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Wakeley, Eleazer

Eleazer Wakeley, a young Wisconsin lawyer appointed judge of Nebraska Territory's Third Judicial District in 1857, discovered that "the [legal] environments were not always propitious" in the new, sparsely settled area. In a reminiscence published by the Nebraska State Historical Society in 1894 Wakeley recalled:

"Court houses were improvised from halls, school houses, store rooms, or abandoned buildings. In the newer counties, it happened to me to hold the first terms ever appointed. The inhabitants were not familiar with the usages, and punctilios of courts. . . . One jury came in, after a two days' trial of a criminal case, full and elaborate instructions from the court, and several hours deliberation, to inquire whether the prisoner 'had plead guilty.' Set right on this important point, they presently returned a verdict of acquittal.

"On another occasion a jury was out when a recess was taken, at the close of the day. The sheriff was directed to notify the judge when the jury should agree. In the evening, there was a resounding tramp on the stairs, and in the hall way of the hotel leading to the judge's room. The sheriff, at the head of the procession, opened the door, handed the judge a paper with a pleased air, and announced, 'Your Honor, the jury has agreed. Here is the verdict.' A counter march was ordered; and the verdict taken at the court house with due solemnity.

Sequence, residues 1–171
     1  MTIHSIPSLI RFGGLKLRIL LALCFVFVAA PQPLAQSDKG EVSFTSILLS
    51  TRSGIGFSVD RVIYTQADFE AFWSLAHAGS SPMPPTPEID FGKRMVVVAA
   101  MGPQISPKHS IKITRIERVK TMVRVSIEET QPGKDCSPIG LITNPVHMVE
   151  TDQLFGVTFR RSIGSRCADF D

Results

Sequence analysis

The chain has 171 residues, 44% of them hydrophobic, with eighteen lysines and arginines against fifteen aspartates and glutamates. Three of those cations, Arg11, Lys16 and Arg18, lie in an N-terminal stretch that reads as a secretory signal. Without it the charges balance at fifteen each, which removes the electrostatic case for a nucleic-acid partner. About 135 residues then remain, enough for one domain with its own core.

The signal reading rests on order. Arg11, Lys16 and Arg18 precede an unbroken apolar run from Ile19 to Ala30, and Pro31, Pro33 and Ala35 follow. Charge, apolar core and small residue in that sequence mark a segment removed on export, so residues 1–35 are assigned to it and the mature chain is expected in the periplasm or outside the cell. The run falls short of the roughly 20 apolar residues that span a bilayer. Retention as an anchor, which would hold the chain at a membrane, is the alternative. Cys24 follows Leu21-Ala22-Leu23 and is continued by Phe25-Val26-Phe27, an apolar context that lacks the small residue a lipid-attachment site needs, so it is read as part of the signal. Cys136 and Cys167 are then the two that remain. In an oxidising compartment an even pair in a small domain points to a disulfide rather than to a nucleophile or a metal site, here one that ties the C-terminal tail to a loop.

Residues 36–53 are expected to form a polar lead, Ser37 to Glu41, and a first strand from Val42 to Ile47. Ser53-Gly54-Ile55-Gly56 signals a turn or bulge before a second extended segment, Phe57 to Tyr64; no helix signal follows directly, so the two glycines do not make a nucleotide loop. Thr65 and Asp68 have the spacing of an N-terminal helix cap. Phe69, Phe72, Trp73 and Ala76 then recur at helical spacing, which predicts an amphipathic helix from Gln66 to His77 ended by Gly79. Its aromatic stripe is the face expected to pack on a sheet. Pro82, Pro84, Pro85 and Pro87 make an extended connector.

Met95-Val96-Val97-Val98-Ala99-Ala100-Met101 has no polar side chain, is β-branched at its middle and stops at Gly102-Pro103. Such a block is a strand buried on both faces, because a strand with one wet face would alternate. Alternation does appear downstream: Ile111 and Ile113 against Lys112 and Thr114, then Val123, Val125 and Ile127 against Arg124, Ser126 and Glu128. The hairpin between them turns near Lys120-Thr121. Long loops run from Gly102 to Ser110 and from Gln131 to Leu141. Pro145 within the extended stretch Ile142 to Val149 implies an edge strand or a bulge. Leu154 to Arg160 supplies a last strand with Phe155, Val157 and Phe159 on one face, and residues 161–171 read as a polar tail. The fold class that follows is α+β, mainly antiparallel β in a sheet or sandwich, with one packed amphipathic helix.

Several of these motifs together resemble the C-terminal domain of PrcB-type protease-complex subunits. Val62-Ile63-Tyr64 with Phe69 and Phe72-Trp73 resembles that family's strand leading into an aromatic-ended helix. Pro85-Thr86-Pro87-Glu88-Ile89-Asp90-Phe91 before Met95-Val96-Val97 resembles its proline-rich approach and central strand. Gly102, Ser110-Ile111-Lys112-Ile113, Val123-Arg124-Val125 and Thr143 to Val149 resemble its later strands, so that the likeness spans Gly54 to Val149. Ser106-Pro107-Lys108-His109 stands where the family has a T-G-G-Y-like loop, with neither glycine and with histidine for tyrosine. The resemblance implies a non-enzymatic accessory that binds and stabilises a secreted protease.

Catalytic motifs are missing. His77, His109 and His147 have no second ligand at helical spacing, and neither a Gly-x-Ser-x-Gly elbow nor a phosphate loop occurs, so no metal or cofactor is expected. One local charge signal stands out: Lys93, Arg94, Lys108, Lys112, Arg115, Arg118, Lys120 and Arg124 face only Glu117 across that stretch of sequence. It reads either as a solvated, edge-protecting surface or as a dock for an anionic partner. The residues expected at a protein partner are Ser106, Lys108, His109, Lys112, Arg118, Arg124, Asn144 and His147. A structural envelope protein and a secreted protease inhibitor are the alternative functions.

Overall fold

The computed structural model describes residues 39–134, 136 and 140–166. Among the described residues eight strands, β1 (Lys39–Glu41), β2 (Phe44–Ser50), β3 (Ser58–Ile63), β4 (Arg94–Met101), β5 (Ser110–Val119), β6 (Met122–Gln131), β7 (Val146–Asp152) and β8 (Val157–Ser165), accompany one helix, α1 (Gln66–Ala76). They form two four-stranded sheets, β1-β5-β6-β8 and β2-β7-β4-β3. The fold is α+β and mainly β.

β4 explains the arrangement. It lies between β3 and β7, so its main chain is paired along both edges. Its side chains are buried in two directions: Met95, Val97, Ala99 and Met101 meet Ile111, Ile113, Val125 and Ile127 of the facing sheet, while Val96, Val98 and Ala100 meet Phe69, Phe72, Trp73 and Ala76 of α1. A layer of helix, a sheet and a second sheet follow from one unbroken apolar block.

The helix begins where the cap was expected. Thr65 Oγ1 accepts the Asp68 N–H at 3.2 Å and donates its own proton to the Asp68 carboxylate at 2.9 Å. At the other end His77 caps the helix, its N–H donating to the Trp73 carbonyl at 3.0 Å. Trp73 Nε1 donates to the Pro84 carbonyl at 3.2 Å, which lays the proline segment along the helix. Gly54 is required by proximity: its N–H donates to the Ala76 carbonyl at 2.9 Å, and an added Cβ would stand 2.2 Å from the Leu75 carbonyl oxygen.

"Even in the older county of Washington, there was once a rather unique reception of a verdict. In January, 1861, near the close of my term, Chief Justice Augustus Hall, successor of Judge [Fenner] Ferguson, held court at DeSoto for two or three days. The jury was out, in a strongly contested criminal case, and, at reasonable bedtime, had not agreed. The Chief Justice retired. He occupied the choice guest room of the hotel, which was directly over the office (there were no 'corridors' in Nebraska then), and warmed by a stove pipe through a hole in the ceiling. Towards midnight, the jury agreed. It was marshalled into the room beneath. The judge had risen; but his 'robes' were not strictly judicial. Down through the stove pipe hole, he ordered the clerk to call the jury, and take the verdict. It was for the defendant. Again came the order, 'Clerk, record the verdict. The prisoner is released. Sheriff, adjourn court until tomorrow morning.'"

(May 2000)

 

 

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